Book mentions in this thread

  • Votes: 80

    One Up On Wall Street

    by Peter Lynch

    The manager of a top investment fund discusses how individuals can make a killing in the market through research and investment techniques that confound conventional market wisdom.
  • Votes: 80

    Rich Dad Poor Dad

    by Robert T. Kiyosaki

    In Rich Dad Poor Dad, the #1 Personal Finance book of all time, Robert Kiyosaki shares the story of his two dad: his real father, whom he calls his poor dad,’ and the father of his best friend, the man who became his mentor and his rich dad.’ One man was well educated and an employee all his life, the other’s education was street smarts” over traditional classroom education and he took the path of entrepreneurship a road that led him to become one of the wealthiest men in Hawaii. Robert’s poor dad struggled financially all his life, and these two dads these very different points of view of money, investing, and employment shaped Robert’s thinking about money.Robert has challenged and changed the way tens of millions of people, around the world, think about money and investing and he has become a global advocate for financial education and the path to financial freedom. Rich Dad Poor Dad (and the Rich Dad series it spawned) has sold over 36 million copies in English and translated editions around the world.Rich Dad Poor Dad will explode the myth that you need to earn a high income to become rich challenge the belief that your house is an asset show parents why they can’t rely on the school system to teach their kidsabout money define, once and for all, an asset and a liability explain the difference between good debt and bad debt teach you to see the world of money from different perspectives discuss the shift in mindset that can put you on the road to financial freedom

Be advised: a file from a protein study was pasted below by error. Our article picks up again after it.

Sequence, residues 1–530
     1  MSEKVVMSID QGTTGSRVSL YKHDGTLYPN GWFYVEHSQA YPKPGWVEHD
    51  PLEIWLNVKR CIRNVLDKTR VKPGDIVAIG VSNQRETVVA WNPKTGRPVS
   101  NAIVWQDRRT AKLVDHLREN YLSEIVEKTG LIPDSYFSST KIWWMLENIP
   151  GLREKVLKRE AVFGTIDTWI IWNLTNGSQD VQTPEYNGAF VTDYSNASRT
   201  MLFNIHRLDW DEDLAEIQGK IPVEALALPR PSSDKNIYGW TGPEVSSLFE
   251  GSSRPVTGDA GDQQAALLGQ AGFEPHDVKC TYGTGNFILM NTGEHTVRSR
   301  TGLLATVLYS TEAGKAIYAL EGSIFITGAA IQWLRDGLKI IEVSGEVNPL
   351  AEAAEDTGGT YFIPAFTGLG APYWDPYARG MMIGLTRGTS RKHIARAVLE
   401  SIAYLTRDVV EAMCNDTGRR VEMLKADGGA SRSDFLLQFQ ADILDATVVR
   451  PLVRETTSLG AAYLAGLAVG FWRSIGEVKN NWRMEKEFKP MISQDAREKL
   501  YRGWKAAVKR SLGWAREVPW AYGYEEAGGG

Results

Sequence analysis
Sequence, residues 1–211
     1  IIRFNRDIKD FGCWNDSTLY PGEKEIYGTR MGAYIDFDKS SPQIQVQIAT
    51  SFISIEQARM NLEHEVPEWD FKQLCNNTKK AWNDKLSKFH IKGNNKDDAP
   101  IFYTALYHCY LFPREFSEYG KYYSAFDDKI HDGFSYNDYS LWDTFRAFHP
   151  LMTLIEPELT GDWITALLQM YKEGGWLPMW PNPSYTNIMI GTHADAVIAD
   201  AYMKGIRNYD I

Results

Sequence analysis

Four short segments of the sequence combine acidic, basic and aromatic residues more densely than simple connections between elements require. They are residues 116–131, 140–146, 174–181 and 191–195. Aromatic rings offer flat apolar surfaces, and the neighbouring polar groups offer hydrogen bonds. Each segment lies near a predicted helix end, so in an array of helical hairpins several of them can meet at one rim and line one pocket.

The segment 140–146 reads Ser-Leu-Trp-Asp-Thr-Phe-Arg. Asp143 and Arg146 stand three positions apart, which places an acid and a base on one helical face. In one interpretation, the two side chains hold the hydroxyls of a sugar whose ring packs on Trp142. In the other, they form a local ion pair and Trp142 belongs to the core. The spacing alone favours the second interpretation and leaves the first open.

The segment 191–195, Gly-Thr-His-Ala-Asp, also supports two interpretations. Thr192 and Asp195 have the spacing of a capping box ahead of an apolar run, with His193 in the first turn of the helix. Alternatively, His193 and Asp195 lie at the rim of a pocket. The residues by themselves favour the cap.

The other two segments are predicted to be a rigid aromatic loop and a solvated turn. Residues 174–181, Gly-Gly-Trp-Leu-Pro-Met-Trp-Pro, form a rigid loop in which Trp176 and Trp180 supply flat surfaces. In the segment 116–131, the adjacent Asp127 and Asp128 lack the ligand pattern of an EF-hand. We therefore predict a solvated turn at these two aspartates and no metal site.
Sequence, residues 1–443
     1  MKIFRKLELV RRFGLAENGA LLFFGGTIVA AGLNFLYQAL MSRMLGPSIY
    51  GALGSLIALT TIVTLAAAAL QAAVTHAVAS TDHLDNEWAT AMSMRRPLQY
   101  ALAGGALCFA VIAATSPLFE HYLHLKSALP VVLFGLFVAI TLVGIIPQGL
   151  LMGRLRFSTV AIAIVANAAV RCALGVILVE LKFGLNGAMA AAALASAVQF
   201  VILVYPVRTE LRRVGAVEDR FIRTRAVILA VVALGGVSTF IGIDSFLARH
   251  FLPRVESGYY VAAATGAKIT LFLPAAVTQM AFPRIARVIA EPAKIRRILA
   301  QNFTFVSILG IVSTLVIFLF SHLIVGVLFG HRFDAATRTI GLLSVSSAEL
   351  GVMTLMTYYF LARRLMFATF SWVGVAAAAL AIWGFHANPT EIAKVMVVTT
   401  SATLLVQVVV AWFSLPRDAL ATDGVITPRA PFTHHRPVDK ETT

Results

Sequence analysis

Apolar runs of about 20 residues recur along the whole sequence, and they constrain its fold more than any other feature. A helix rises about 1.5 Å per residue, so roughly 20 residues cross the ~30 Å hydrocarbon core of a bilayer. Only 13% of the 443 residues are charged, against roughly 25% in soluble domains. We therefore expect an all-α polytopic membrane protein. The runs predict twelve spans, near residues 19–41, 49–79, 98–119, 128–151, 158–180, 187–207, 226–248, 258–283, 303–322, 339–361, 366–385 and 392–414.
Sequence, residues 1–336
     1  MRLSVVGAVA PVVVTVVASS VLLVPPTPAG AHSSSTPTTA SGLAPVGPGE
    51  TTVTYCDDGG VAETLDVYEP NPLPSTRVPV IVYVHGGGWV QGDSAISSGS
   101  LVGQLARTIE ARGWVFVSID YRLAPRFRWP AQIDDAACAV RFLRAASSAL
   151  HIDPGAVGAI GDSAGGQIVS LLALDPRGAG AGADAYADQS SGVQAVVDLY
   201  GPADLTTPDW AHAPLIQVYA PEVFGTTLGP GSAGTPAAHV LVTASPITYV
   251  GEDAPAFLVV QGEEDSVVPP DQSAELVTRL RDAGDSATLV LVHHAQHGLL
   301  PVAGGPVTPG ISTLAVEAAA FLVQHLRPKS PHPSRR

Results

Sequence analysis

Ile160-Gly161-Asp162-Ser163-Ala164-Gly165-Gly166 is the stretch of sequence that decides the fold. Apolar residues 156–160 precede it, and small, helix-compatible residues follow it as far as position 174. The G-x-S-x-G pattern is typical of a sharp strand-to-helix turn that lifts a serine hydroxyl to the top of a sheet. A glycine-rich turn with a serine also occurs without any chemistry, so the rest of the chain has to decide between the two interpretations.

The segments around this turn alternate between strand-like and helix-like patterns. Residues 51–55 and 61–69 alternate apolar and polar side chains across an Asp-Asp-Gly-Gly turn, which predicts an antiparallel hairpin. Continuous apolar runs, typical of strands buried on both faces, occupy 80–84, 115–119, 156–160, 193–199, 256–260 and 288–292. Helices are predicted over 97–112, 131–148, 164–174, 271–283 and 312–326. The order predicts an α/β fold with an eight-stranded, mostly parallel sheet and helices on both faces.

• Votes: 80

    You Can Be a Stock Market Genius

    by Joel Greenblatt

    A comprehensive and practical guide to the stock market from a successful fund manager—filled with case studies, important background information, and all the tools you’ll need to become a stock market genius. Fund manager Joel Greenblatt has been beating the Dow (with returns of 50 percent a year) for more than a decade. And now, in this highly accessible guide, he’s going to show you how to do it, too. You’re about to discover investment opportunities that portfolio managers, business-school professors, and top investment experts regularly miss—uncharted areas where the individual investor has a huge advantage over the Wall Street wizards. Here is your personal treasure map to special situations in which big profits are possible, including: · Spin-offs · Restructurings · Merger Securities · Rights Offerings · Recapitalizations · Bankruptcies · Risk Arbitrage
  • Votes: 80

    Margin of Safety

    by Seth A. Klarman

  • Votes: 80

    Quality of Earnings

    by Thornton L. O'glove

  • Votes: 80

    The Warren Buffett Way

    by Robert G. Hagstrom

  • Votes: 80

    Beating the Street

    by Peter Lynch

  • Votes: 80

    Security Analysis

    by Benjamin Graham

    Buying a dollar's worth of assets for 50 cents isn't the only way to succeed on Wall Street. But it is how Warren Buffett got rich. Just as value investing never goes out of style, neither does the value investor's bible, Security Analysis, by Benjamin Graham and David L. Dodd, which has withstood the test of time as well or better than any investment book ever published. Now the Sixth Edition updates the masters' ideas and adapts them for the 21st century's markets.
  • Votes: 80

    The Confidence Game

    by Maria Konnikova

    A compelling investigation into the minds, motives, and methods of con artistsand the people who fall for their cons over and over again.
  • Votes: 80

    The Intelligent Investor

    by Benjamin Graham